While this should make it easier for practitioners and inventors to understand and navigate the Alice danger zones going forward, we took a look back at how Alice rejections have played into the patent landscape over the last four years.


Alice rejections across the USPTO


Unsurprisingly, the frequency of Alice rejections each quarter grew steadily in the decision's wake and rose sharply in Q1 2015 after the USPTO’s first Alice guidances to examiners took effect. Since then, Alice rejections have continued to climb, accounting for nearly 85% of all §101 rejections in Q4 2017.

What is surprising is how much more of the overall rejection picture Alice rejections are beginning to make up. Since 2016, Alice rejections have risen from less than 10% of all rejections to nearly 17% by the end of 2017.

We think there are two main factors at play here. First, Alice expanded the grounds that an examiner could use to articulate a rejection, making it easier to reject applications. Second, Alice brought increased scrutiny to a group of patents that may have been allowed before Alice, expanding the number of applications at risk of a §101 rejection. We think these two factors together may explain why Alice rejections are contributing to a larger percentage of §101 rejections and of all rejections in general.


Technology areas most affected by Alice

The data in this section covers identified §101 and Alice rejections across the entire USPTO from July 2014 - July 2018 (except the Tech Center graphic, which shows data from July 2014 - December 2017). Juristat’s dynamic database means that these precise numbers may change as more data becomes available.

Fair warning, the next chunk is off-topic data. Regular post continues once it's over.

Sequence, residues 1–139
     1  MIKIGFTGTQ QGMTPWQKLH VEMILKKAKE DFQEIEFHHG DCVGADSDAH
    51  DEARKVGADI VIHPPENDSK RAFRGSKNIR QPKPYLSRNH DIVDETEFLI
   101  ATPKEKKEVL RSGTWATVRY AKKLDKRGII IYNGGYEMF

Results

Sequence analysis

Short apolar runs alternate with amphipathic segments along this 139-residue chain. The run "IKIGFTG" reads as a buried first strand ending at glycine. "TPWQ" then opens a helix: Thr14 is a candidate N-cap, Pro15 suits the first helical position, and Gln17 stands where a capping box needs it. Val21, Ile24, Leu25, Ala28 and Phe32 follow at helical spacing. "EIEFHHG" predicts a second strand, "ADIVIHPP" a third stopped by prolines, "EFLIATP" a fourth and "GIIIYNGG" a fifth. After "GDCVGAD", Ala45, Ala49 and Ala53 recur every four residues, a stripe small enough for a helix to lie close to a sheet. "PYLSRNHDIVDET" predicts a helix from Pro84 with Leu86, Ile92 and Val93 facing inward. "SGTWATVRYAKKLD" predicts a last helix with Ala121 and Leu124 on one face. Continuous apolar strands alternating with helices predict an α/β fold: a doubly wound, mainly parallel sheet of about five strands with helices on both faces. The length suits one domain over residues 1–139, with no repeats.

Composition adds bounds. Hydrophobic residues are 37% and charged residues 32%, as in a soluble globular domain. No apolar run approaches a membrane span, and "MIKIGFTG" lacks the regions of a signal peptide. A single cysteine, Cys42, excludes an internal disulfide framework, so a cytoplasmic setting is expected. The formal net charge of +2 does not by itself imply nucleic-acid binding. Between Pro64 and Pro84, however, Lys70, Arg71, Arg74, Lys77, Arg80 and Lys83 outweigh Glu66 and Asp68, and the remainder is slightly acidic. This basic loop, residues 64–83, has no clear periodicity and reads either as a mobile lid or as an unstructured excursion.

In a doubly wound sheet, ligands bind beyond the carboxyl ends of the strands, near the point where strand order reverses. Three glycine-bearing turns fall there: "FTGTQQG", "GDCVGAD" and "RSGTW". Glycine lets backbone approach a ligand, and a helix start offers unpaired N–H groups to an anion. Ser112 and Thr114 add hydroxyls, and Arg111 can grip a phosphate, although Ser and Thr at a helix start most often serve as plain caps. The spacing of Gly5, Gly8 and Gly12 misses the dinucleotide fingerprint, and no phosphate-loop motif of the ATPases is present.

Alice clearly does not impact all technologies equally. When we look at USPC classes that have issued at least 50 Alice rejections, the top 10 classes with the highest percentage of Alice rejections are clearly concentrated, with six of the 10 covering different kinds of Data Processing (705, 702, 703, 708, 704, 706). Of these, Class 705 fares the worst, with 82.2% of all rejections citing Alice. This concentration may not be as surprising considering that the patents at issue in Alice itself (application numbers 08/070,136; 09/567,507; 10/331,331; 11/166,387) were all in Class 705.

The other four classes are diverse, covering Education and Demonstration (434), Computer Aided Design and Analysis of Circuit and Semiconductor Masks (716), Amusement Devices (463), and a combinatorial Chemistry Technology class (506). These classes may all fit into the Alice picture as “do-it-on-a-computer” rejections.


When we apply the same criteria to art units, the concentration is even more clear, with every one of our top 10 in a Business Methods or Electronic Commerce art unit. This may again be unsurprising as two of the initial Alice patents were in AU 3624 and one in AU 3693 (the fourth was in an art unit group that has since been abolished).

When it comes to technology centers, TC 3600 is broadly believed to have a disproportionate share of Alice rejections. And in fact, based on our most recent analysis, TC 3600 does account for more than 44% of all Alice rejections across the USPTO, more than the next three tech centers combined.